By Seshadri Ramkumar, Professor, Texas Tech University
Being nimble and technology adoption are timely needs for the global textile industry. As a mark of celebrating the 33rd foundation day of the North India Section of The Textile Institute (UK), industry stakeholders joined via Zoom to discuss the way forward for the textile industry and in particular, the Indian sector.
Mr. T. Rajkumar, Chairman of the Confederation of Indian Textile Industry provided detailed account on the Indian industry and outlined schemes for the growth. Value-addition and skill development across the value-chain are needed. Technical textiles is a sunrise sector and emphasized the need for some mandatory usage of products such as airbags, quality enhancements and standardization. Highlighting how the Indian textile sector geared-up during the current COVID-19 pandemic to make India self-reliant on PPE, he stated the growth of the sector is about 13 percent.
India’s technical textiles sector offers opportunities for growth in double digits. This scribe predicted the growth of this sector, based on empirical modeling using GDP numbers in 2008. The report, “India Rising: Opportunities in Nonwovens and Technical Textiles,” [https://www.researchgate.net/publication/228470939_India_Rising_opportunities_in_nonwovens_and_technical_textiles] estimated the growth till the year 2050, with an annual growth around 13 percent. Today’s statement by Mr. Rajkumar proves the growth numbers predicted in the 2008 report. Government of India has to be greatly acknowledged for seeing the potential of this field, with investments such as National Mission on Technical Textiles and the establishment of Centers of Excellence in different fields of the technical textiles sector all over the country. The current Indian government is investing about US$211.7 million for a period of four years till 2024 for this important mission.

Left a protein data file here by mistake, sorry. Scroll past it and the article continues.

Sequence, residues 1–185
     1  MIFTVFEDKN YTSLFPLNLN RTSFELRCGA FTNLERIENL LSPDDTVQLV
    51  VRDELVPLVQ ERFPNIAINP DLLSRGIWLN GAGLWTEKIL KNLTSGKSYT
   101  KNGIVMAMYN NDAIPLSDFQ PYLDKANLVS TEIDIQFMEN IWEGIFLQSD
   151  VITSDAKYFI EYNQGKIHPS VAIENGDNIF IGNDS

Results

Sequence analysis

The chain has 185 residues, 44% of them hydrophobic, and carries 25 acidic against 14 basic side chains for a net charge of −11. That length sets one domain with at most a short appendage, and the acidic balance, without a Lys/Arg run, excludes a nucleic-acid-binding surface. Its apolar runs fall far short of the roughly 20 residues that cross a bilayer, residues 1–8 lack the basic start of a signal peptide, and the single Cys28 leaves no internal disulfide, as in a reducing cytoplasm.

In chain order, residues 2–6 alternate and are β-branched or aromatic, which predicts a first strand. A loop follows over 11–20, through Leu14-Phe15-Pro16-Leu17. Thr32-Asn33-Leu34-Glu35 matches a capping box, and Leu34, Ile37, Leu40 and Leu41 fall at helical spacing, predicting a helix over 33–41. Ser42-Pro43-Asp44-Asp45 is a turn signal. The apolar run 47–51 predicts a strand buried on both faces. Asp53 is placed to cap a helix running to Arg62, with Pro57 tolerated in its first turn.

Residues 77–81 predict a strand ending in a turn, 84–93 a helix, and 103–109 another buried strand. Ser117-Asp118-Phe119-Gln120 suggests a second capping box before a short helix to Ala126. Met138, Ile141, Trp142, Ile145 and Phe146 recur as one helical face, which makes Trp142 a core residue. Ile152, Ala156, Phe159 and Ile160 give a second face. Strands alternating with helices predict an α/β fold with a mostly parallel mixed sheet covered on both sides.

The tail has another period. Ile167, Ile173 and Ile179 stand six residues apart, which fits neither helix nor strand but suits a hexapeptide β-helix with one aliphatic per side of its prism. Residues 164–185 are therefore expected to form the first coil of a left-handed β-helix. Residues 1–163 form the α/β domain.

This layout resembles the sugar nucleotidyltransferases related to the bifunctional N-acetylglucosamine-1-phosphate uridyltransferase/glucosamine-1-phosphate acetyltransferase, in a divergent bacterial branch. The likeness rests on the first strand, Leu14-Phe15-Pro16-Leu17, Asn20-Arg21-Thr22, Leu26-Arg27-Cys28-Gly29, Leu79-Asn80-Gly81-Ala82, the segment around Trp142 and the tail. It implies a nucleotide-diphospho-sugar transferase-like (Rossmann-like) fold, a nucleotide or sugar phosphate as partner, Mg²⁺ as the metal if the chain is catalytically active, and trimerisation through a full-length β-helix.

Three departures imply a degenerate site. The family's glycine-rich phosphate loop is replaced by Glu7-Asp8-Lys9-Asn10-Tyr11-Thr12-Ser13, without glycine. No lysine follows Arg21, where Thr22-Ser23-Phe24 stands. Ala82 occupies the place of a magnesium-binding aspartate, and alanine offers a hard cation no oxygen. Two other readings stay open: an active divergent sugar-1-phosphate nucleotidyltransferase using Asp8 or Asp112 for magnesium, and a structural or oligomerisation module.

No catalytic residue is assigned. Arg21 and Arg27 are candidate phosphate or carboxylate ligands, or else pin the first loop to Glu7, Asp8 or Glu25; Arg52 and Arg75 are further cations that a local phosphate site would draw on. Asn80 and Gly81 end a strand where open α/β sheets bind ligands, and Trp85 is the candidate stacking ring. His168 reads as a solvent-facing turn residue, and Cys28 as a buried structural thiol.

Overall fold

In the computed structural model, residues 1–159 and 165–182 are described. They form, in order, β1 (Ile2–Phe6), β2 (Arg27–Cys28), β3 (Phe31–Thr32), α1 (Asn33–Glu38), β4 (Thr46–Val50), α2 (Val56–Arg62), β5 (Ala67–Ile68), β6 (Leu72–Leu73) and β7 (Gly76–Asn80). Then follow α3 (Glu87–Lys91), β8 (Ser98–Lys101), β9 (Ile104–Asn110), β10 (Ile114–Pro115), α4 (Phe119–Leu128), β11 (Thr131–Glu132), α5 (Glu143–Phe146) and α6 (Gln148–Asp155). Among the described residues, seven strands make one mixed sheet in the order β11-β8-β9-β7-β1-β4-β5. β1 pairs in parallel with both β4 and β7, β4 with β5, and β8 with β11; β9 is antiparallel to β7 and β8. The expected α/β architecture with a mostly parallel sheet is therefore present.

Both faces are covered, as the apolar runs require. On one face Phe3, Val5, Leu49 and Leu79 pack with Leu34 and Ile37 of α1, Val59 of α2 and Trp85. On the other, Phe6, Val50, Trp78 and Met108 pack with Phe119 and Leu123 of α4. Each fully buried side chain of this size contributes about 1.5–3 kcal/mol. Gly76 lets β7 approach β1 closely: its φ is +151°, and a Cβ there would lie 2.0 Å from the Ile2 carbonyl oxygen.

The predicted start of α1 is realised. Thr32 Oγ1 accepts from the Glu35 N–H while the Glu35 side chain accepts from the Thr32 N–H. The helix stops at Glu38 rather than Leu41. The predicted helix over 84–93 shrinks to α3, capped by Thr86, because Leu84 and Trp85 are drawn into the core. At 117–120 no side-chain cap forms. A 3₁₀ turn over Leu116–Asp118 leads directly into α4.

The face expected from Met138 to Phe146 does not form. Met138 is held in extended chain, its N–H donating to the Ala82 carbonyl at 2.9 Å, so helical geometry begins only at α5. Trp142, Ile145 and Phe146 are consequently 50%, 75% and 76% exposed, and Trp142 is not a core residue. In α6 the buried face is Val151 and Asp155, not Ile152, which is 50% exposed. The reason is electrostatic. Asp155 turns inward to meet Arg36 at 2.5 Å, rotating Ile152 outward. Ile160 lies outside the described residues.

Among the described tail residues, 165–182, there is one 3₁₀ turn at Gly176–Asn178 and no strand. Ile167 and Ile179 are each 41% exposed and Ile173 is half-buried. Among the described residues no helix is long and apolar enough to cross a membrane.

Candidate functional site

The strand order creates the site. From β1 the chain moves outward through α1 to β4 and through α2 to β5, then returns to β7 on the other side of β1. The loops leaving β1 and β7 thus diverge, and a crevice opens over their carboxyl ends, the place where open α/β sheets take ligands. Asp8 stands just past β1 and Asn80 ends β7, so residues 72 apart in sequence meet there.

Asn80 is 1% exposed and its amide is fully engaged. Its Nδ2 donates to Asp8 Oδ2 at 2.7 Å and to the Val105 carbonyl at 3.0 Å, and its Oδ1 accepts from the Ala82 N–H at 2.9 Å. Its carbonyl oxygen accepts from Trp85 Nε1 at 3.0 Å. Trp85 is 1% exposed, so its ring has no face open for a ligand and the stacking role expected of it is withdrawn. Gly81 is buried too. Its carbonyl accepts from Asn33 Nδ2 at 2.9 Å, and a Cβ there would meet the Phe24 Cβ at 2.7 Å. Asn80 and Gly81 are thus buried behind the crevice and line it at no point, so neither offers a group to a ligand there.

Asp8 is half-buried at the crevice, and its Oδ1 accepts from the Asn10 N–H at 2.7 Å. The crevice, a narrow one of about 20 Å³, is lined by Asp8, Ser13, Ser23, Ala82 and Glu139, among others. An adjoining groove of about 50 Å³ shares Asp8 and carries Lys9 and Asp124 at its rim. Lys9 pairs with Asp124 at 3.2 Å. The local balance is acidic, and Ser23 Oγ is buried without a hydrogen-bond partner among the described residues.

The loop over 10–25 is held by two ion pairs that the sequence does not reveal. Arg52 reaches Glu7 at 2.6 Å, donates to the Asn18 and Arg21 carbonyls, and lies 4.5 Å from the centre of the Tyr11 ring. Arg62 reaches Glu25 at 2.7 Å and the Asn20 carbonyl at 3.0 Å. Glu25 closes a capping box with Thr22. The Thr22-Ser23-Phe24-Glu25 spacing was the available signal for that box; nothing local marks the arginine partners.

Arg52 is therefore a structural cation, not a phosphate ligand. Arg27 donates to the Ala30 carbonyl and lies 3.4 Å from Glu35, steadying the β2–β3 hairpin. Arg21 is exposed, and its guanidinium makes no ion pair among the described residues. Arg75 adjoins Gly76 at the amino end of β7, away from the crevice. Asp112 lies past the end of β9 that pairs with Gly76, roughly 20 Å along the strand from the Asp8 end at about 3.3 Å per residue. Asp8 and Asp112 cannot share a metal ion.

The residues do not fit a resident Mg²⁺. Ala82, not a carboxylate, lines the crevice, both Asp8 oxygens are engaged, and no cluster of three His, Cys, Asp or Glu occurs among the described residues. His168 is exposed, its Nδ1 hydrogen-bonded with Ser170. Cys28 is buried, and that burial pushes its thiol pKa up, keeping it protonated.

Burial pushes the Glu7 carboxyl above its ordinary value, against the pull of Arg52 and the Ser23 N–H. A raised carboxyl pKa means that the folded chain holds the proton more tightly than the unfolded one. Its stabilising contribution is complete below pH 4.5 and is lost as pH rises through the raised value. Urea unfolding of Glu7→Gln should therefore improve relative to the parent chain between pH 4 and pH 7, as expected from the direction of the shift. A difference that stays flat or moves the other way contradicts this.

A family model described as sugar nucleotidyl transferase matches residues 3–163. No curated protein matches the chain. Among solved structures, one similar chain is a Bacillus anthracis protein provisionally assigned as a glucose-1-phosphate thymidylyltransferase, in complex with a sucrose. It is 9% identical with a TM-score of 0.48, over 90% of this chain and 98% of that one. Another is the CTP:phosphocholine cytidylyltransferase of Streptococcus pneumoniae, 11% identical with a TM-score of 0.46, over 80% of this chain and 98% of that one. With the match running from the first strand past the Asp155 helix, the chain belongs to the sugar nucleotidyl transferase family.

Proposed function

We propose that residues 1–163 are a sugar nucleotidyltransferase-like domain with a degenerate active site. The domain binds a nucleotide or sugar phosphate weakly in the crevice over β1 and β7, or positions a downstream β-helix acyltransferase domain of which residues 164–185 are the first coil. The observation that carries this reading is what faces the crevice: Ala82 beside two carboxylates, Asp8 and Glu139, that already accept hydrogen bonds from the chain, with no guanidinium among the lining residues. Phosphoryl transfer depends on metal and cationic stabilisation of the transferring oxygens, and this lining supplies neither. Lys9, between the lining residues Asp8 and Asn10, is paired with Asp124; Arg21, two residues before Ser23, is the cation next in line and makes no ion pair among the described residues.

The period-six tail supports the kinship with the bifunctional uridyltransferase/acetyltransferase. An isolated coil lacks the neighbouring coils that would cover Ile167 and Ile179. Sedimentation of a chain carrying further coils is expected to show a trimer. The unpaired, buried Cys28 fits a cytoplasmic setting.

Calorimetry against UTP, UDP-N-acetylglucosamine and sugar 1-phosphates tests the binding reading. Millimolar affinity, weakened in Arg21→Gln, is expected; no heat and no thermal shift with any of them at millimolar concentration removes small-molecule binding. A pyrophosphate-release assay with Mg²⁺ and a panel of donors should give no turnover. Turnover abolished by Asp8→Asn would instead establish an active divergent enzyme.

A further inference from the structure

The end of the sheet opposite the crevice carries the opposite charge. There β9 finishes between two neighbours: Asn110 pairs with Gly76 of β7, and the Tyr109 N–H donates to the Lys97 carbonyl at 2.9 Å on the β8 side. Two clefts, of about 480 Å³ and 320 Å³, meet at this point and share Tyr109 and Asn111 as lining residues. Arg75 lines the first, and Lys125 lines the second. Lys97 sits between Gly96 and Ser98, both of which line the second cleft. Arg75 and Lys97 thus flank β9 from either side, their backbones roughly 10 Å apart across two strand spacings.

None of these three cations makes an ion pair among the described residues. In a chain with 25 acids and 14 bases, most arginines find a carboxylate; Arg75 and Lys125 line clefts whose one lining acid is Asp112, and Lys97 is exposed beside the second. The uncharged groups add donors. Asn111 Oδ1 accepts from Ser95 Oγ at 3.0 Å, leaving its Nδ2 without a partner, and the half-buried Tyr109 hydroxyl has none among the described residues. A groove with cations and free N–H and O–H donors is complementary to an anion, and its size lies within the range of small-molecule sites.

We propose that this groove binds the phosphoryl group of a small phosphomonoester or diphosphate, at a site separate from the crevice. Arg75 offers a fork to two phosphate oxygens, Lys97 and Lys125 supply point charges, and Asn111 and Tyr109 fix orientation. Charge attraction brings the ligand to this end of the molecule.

Mr. Shirshir Jaipuria, Chairman and Managing Director of Ginni Filaments emphasized the need for agility, speed, and technology in the textile industry. He highlighted four trends, which will impact the Indian sector: 1) Technology; 2) Development of sustainable products; 3) Marketing strategy and 4) Understanding of consumers. Industry should be data driven and should focus on open and better exchange of ideas, added Mr. Jaipuria. Stating how the IT sector is agile in coming-up with new products, Mr. Jaipuria encouraged the industry to be nimble and adapt to the requirements.
Professor Vijay Kothari emphasized the need for better coordination among academia, research organization and industry. He added, working in silos need to be overcome and integrated approach is needed. In my view, cost effective new products which consumers need and focusing on products that cater to health care, environment and industrial applications are needed. Having said that efficiencies must be achieved in the commodity fiber-to-fashion supply chain as this sector is an important bread winner.